January 7, 2022
With cold and flu season upon us while we’re entering Year 3 of the pandemic, it’s becoming even more difficult to determine if those sniffles are a result of having just come in from the cold or if you have a cold, the flu or COVID-19.
The symptoms of each cross boundaries making it sometimes necessary for a medical test to determine what it is so you know how to treat it. You also need to know in order to determine if you could be contagious.
The key is to know what the differences are and to be self-aware of your symptoms. While the following information outlines the symptoms of each, always err on the side of caution.
If you believe you have the flu or COVID-19, please call your medical provider and explain your symptoms before going to a facility to seek care.
Be aware of the onset of symptoms:
Cold: Symptoms typically come on gradually
Flu: Symptoms usually come on suddenly and vigorously and are more severe than a cold
COVID-19: Symptoms can appear 2 to 14 days following exposure to COVID-19
Consider your symptoms:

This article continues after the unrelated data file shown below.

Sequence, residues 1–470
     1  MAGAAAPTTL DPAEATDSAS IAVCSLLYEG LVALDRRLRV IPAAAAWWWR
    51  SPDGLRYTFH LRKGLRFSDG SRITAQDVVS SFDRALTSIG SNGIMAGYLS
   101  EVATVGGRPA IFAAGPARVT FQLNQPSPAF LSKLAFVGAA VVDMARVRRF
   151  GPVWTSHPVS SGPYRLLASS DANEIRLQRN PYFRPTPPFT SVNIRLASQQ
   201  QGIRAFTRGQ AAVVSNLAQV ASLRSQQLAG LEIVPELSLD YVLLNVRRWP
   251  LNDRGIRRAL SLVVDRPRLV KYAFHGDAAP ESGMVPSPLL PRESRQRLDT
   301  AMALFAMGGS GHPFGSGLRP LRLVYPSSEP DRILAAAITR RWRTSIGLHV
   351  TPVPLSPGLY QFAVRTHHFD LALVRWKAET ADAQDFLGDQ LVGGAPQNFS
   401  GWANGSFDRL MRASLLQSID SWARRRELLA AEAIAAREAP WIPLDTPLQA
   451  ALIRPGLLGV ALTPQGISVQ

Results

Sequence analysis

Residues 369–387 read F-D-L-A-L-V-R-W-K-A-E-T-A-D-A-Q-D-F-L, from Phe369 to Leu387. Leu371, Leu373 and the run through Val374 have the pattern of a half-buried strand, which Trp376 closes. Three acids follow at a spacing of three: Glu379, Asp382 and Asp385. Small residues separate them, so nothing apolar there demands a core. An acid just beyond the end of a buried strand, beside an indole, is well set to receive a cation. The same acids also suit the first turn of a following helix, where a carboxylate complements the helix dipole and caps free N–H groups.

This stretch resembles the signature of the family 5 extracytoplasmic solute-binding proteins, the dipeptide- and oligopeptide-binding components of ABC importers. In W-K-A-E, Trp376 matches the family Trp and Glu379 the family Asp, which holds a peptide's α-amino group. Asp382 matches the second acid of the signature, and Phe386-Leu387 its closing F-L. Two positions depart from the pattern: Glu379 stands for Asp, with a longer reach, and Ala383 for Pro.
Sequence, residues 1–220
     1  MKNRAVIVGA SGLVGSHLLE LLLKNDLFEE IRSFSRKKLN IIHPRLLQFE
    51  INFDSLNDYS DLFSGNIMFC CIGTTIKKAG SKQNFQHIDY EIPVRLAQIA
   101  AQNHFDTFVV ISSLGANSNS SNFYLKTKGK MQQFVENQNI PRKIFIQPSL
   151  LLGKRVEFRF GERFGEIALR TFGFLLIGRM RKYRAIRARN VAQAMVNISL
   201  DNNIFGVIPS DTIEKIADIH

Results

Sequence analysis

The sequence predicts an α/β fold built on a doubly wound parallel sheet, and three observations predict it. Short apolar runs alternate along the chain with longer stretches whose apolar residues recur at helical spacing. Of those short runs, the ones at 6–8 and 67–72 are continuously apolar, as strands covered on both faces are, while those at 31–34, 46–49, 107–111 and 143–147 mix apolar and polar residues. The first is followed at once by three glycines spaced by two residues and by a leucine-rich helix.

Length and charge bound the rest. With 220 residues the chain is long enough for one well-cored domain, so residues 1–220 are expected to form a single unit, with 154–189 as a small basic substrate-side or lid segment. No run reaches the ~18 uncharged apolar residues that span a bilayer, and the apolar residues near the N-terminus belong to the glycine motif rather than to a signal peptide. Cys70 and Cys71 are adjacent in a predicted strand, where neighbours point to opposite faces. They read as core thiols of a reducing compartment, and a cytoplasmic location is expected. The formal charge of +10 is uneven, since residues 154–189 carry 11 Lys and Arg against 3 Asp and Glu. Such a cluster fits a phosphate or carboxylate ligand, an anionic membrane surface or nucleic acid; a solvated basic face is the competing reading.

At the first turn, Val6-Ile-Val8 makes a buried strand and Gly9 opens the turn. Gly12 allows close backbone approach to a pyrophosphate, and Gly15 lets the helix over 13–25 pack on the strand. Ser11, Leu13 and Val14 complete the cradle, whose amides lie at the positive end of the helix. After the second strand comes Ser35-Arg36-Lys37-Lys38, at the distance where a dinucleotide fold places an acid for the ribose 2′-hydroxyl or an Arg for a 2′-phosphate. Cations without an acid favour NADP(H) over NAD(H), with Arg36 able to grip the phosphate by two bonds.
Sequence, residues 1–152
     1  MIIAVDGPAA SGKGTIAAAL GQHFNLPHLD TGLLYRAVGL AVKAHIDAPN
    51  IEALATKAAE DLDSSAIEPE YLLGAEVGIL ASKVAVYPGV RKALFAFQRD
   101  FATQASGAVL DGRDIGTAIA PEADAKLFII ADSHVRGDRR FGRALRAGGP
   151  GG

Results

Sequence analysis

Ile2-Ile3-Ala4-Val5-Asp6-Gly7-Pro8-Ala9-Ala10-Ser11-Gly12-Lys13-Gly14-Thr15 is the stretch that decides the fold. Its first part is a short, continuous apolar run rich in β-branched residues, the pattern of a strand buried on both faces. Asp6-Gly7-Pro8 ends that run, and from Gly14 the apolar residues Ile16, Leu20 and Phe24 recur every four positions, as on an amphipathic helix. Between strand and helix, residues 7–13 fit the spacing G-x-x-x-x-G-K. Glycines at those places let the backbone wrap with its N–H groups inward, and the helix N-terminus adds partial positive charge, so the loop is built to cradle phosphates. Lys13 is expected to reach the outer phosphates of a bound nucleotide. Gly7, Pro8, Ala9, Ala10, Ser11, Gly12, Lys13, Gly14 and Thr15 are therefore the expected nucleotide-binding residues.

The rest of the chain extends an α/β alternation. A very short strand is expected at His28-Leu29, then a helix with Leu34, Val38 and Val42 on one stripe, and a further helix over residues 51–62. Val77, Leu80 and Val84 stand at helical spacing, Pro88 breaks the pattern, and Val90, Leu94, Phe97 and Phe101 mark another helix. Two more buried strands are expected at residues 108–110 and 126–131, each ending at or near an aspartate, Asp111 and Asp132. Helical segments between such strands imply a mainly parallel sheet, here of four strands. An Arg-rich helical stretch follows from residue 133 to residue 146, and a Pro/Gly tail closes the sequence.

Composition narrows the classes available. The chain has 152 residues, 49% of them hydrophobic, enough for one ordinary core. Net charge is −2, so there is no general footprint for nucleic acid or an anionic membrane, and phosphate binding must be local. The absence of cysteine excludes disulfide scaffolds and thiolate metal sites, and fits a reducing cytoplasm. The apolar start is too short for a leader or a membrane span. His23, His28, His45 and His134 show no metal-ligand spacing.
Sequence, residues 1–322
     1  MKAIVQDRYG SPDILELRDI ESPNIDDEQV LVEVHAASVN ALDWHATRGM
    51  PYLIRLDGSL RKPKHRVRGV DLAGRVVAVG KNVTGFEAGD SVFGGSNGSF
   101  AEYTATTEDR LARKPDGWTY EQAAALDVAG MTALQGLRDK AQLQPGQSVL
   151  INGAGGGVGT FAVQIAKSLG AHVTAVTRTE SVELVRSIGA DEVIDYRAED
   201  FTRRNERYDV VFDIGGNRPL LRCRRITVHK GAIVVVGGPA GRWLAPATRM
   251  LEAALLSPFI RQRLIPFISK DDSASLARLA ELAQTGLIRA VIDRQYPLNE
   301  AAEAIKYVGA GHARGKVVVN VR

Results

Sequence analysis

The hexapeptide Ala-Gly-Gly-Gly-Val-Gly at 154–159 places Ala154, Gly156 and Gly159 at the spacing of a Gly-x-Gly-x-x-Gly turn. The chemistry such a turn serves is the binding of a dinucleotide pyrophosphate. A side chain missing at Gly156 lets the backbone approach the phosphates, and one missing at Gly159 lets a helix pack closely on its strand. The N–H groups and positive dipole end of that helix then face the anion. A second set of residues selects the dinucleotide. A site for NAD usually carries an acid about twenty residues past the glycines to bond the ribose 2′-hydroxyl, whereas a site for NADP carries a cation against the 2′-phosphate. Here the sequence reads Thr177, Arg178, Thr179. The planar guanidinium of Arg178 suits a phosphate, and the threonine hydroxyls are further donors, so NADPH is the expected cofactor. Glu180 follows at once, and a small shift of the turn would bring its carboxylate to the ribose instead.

Cold: Common symptoms include nasal congestion, sneezing and runny nose, yet also may include cough, mild headache and minor body aches
Flu: Common symptoms include high-grade fever, headache, muscle or body aches and fatigue, yet also may include dry cough, sore throat and runny or stuffy nose, as well as nausea and vomiting (more common in children than adults)
COVID-19: Common symptoms include fever or chills, cough, shortness of breath, fatigue, muscle or body aches, headache, congestion and sore throat; symptoms also can also include nausea, vomiting, diarrhea and new loss of taste or smell
To educate yourself further, you can also review these resources from the CDC: